John Proctor – a Tragic Hero in The Crucible
John Proctor is a character in The Crucible who can be described as a tragic hero. Firstly, John Proctor’s tragic flaw was his great amount of pride, that slowly tied a series of unfortunate events, eventually making Proctor succumb to his death. However, Proctor does die for a crime he did not commit. Another important part of being a tragic hero is that the character has a complete reversal of fortune brought by their own flaw: Proctor’s life turned completely upside down when Abigail accuses Elizabeth, who then was sent to jail and this all started because John had committed adultery. At the end of every tragic play, the audience must feel pity for the deceased hero- also known as catharsis, which means cleansing of emotions.
This is also very clearly evident in the play right at the end when Proctor is hung and the audience is left in sorrow. John Proctor is a classic tragic hero because he contains most of the elements of a tragic hero such as hamartia, peripeteia, catharsis, and despite not being born into nobility, he possesses many noble characteristics. In The Crucible, John Proctor’s tragic flaw was his overwhelming hubristic character that made a pathway for his death. Pride plays an interesting role in the life of John Proctor in The Crucible. At the end of the play when Proctor is asked to sign the piece of paper with his name, confessing that he helped the devil, Proctor refused “Because it (was his) name!”. This short exclamative suggests to the reader just how much of value his name is to him. Proctor’s pride in himself causes him to think that he would rather die then confess and ruin his reputation. He wages an internal, war between his conscience and pride.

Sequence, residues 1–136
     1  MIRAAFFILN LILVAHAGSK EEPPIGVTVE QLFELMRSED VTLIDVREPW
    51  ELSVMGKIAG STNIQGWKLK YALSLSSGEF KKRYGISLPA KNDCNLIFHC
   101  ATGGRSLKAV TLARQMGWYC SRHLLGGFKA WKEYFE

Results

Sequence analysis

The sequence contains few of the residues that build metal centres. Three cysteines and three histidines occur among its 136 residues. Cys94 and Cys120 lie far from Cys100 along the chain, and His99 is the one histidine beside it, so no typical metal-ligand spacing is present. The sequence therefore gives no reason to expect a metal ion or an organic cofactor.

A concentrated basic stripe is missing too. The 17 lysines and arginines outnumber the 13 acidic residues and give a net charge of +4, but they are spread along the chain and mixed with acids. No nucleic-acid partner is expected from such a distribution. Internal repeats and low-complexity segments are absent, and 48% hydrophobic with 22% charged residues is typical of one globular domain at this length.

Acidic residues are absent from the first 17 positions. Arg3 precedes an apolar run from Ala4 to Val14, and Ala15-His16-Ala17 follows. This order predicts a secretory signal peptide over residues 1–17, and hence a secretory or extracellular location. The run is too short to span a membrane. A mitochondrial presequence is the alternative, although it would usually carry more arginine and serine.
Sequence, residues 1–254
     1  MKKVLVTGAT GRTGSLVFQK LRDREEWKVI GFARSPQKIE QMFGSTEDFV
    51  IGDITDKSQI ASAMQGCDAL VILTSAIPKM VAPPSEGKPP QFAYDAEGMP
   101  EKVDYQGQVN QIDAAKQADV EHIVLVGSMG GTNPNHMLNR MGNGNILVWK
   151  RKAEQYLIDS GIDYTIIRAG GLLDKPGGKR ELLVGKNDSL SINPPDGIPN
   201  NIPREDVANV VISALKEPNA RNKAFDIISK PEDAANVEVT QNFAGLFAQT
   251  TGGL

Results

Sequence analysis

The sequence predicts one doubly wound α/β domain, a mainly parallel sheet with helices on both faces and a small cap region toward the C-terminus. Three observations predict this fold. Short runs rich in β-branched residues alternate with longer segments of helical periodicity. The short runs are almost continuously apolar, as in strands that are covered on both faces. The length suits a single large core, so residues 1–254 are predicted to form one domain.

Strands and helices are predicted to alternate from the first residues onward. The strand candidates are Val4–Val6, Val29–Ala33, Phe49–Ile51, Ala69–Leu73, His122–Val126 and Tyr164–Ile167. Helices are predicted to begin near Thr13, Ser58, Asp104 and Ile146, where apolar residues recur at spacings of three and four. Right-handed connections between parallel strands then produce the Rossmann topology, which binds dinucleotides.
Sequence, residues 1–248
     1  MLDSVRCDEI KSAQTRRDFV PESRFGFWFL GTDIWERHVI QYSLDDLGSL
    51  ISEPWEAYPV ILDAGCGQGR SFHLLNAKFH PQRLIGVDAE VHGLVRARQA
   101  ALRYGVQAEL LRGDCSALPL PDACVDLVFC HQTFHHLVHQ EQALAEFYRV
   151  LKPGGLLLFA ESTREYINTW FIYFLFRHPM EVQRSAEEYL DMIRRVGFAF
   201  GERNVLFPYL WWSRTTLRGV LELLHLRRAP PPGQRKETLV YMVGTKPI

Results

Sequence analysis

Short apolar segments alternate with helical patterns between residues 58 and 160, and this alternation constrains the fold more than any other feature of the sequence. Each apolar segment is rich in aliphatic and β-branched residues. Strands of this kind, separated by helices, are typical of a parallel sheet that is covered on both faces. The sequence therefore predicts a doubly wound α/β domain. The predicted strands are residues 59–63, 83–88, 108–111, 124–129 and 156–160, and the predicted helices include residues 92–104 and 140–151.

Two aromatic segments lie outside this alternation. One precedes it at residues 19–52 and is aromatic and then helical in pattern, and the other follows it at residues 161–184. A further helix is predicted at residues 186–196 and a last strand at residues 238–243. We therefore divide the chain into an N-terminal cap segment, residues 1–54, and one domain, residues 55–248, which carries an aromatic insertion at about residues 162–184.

During the trials, Proctor refused to testify against Abigail in order to prevent his name from being blackened. He cares much for his name and in the society he lived in at the time he was highly respected and was looked up to by others in his town. He also confessed that he “cannot have another (name) In (his) life!”, as he is an adulterer and would lose his high status. Proctor lived in a Puritan society where lechery would have been unacceptable, however Proctor attempted very hard to maintain his good name and reputation by keeping it between himself and Abigail, as if this sin was revealed to the society Proctor would lose all his respect good name and reputation and would be punished severely, likely death.
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